However, we can’t help but wonder if the Mac version is being delayed because of similar bugs. SimCity for Mac will be available exclusively as a download through Origin; perhaps systems are being upgraded and bugs ironed out once again in preparation for the onslaught of Apple users buying it?

Despite the delay, early reports indicate that the latest version of SimCity will be worth the wait. It will support cross-platform play with PC users, has beautifully upgraded graphics and a host of new in-game features, from big changes to tiny details.

One significant update is the fact that each Sim is now an individual, with his or her own personality, life expectancy, career and education. With no more faceless Sims moving around your city like ants, this will certainly add a new dimension to game play. Other new features include everything from having curved roads and customizable buildings to being able to commute between cities. The new SimCity will even have more detailed crime scenarios.

In addition, cross-platform interactivity will certainly come in handy with the new Great Works Areas update. These zones benefit regions over one individual city, enabling players to collaborate, bring in more tourists and even share the cost of energy.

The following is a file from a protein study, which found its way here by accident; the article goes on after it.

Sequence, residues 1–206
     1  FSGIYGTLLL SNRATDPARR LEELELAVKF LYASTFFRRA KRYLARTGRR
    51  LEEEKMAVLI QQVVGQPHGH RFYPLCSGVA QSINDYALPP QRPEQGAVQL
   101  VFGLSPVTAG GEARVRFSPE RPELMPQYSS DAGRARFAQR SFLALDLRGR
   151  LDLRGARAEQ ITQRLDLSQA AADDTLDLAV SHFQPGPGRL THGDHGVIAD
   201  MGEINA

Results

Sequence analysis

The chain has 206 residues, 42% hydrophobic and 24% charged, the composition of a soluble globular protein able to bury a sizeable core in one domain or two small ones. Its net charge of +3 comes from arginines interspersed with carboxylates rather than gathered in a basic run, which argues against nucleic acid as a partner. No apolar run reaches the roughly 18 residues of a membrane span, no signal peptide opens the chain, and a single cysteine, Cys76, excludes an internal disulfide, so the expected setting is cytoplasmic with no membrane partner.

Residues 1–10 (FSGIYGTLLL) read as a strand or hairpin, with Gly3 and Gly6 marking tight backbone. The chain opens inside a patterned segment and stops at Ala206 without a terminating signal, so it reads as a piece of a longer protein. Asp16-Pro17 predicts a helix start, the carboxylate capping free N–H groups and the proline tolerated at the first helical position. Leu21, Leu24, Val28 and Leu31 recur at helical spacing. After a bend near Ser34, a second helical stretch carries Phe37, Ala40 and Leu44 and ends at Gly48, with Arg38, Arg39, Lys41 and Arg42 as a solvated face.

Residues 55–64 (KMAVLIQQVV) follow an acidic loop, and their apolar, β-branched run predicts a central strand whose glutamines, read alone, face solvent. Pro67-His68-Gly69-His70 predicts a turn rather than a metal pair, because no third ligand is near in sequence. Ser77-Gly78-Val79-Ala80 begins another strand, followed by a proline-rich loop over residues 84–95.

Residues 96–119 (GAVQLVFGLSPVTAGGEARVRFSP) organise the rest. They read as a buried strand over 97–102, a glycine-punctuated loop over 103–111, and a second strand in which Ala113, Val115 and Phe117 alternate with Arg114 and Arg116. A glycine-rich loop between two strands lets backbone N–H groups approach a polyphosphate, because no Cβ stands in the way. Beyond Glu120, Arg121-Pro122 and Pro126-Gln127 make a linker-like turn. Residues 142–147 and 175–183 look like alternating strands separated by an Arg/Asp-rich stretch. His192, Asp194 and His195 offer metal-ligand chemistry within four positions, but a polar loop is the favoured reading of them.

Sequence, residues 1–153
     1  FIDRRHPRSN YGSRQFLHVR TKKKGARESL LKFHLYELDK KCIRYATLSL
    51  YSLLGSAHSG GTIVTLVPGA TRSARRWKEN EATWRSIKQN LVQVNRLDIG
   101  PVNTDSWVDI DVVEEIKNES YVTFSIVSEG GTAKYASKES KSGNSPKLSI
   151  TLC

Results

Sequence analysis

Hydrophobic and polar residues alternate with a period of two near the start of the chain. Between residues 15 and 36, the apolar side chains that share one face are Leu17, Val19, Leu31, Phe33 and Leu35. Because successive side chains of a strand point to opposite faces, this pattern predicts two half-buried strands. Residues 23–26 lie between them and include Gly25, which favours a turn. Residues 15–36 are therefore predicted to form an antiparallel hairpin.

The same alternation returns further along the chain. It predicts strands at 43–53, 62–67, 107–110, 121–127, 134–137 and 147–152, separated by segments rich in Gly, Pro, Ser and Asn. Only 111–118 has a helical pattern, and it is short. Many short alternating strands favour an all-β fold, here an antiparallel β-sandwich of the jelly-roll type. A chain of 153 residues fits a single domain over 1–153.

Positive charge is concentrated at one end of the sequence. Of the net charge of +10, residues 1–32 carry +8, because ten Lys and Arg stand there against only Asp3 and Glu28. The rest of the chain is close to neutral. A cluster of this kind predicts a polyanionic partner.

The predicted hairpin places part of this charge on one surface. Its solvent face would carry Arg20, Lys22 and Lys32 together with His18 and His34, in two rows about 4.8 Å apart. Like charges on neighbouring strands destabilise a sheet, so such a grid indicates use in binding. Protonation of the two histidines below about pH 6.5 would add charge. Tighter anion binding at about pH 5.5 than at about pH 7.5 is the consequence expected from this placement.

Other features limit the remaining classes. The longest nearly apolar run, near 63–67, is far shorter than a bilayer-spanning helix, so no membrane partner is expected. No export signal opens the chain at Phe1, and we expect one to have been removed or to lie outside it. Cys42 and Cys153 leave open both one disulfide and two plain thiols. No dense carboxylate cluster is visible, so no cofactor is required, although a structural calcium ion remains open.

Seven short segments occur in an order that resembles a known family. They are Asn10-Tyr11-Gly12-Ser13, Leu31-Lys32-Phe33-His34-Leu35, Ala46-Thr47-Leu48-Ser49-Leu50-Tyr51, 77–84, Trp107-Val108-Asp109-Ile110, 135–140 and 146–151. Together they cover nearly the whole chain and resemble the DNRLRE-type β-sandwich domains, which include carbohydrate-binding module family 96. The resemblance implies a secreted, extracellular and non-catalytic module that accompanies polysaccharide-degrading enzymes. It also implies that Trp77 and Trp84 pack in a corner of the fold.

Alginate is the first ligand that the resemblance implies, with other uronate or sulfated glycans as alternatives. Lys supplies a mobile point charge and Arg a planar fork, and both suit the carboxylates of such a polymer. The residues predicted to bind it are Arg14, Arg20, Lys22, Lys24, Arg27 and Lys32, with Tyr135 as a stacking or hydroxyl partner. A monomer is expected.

Electronic Arts have also stated that the Mac version will automatically include the Launch Park, a special area that just opened up for PC gamers last month. And while waiting is frustrating, we can hardly blame the developers for proceeding with caution before launching SimCity for Mac, given the PC issues. Even still, that does little to dissuade our patience as we cross our fingers and hope the release isn’t pushed back any further.

Update: Mac Version to be released August 29th.

Is there value in buying Apple’s iWork over other software?

At Apple’s recent Worldwide Developer’s Conference, a new version of the iWork productivity suite was previewed, and it included some interesting features. Integrated with the popular iCloud service, the latest incarnation of iWork can be accessed from any device, including a PC, using an Internet browser. To demonstrate just how handy this can be, Roger Rosner of Apple used it to edit a Microsoft Word document on a Windows 8 PC by running iWork in a Google Chrome browser window.